Swiss employees do not hold back on cynical behavior
Every fourth employee regards promises made by the company they work for as having been broken and every third is not satisfied with their relationship to their superior and with their co-workers. This is shown by the current results of the Swiss Human Relations Barometer of the University of Zurich and ETH Zurich. Although more than half of the employees feel emotional ties to their employer, there is widespread cynicism in the workplace, e.g. in the form of derogatory remarks and ridicule.
This year's Swiss Human Relations Barometer focuses on the main discussion topic of "loyalty and cynicism" and cynicism, - a negative, even derisive, attitude that employees develop toward their employers. "The results show that the situation is essentially a good one in regard to employee loyalty," says Prof. Bruno Staffelbach of the University of Zurich. 54 percent of employees feel emotional ties to their employer and only 16 percent are seriously considering resigning. Nonetheless, every fourth employee regards some promises made by the company they work for as having been broken and every third person is not fully satisfied with their relationship to their superior and with their co-workers. "As a result, 60 percent of employees manifest cynical behaviour toward their employer by, e.g., making deprecatory comments," according to Staffelbach.
Companies can take steps to combat the development of cynicism
"Companies can take steps to combat the development of cynicism and promote loyalty among their employees," Prof. Grote of ETH Zurich observes. Employees who perceive their employers as loyal are more motivated to remain and show less cynicism. Moreover, job security plays a major role. Those who fear that they will soon lose their job are more likely to develop a cynical attitude or show corresponding behaviour and play with the idea of resigning from their job. However, according to Prof. Grote, a certain dose of cynicism can also help in addressing grievances and in maintaining a healthy distance from the company.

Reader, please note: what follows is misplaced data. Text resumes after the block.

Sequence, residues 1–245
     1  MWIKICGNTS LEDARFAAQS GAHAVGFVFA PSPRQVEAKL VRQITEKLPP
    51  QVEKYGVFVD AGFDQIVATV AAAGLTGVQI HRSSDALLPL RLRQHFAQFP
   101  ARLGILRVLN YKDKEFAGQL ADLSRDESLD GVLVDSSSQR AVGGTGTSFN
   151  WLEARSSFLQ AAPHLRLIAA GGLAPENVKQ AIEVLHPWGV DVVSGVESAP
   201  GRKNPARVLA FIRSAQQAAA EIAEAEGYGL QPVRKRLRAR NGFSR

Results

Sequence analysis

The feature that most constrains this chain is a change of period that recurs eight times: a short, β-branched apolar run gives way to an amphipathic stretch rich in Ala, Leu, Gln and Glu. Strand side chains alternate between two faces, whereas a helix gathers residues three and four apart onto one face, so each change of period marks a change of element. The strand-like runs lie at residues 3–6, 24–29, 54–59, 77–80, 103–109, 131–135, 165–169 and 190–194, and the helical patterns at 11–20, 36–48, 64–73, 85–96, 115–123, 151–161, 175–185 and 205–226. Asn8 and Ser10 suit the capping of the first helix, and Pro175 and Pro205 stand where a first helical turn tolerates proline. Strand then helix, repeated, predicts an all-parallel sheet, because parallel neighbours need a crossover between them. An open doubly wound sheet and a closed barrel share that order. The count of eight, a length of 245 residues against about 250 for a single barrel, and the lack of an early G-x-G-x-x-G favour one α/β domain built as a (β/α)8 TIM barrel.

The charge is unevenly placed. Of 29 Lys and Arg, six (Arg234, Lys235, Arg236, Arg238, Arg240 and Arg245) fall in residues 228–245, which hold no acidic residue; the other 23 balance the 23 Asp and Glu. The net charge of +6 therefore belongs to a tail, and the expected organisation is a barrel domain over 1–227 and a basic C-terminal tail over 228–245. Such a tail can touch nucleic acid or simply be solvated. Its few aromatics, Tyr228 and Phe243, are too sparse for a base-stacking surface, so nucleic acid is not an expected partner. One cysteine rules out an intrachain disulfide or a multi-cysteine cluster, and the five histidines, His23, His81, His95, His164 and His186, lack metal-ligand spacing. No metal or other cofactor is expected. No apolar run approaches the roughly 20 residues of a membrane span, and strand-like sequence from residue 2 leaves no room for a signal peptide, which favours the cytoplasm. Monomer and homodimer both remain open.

Discrepancy between work conditions and expectations grows
In addition, the Human Relations Barometer trend analysis shows that the discrepancy between work conditions and expectations, especially in regard to wages and the opportunity to develop, is growing. In order to better prepare employees for uncertain times, companies should promote the financial security and above all, the employability of those so affected. However, the necessary measures for systematic career planning, such as career assessments or mentoring have still not been taken by many companies.
Little initiative to take charge of one's own career
In regard to career orientation, the survey shows that employees only wish to take limited responsibility for their own careers. While most do not expect their company to plan and further their careers for them, they nonetheless want to stay at one company for a long time. The necessity to deal with uncertainty and in some circumstances to even be able to use it to one's advantage, is something that is not recognized by a large and even growing number of employees. If companies want to change these circumstances, then they must choose fundamentally new approaches in human resource development. Taking the initiative for one's own career can only be promoted by measures that focus on the career opportunities and needs of employees rather than those that primarily serve the interests of the company.
The Swiss Human Relations Barometer
The Swiss Human Relations Barometer gathers data on how Swiss employees experience their work situation. For example, surveys have been conducted on the following themes: Mutual expectations and proposals of employees and employers as an aspect of the work relationships (psychological contract), practices in human resource management such as job design and personnel development, leadership, job satisfaction, employability and career orientation. This survey is regularly put out and edited by Prof. Gudela Grote, Professor of Work and Organizational Psychology at ETH Zurich and Prof. Bruno Staffelbach, holder of the Chair for Human Resource Management at the University of Zurich.
The basis of the 2016 Human Relations Barometer was a survey of 1506 employees based on a random sample registry of the Swiss Federal Statistical Office (SFSO). The survey took place between March and June 2016 in the German, French and Italian-speaking parts of Switzerland. The current edition focuses on the main discussion topic of loyalty and cynicism.
The 2016 Human Relations Barometer was made possible with the support of the Swiss National Science Foundation (SNSF).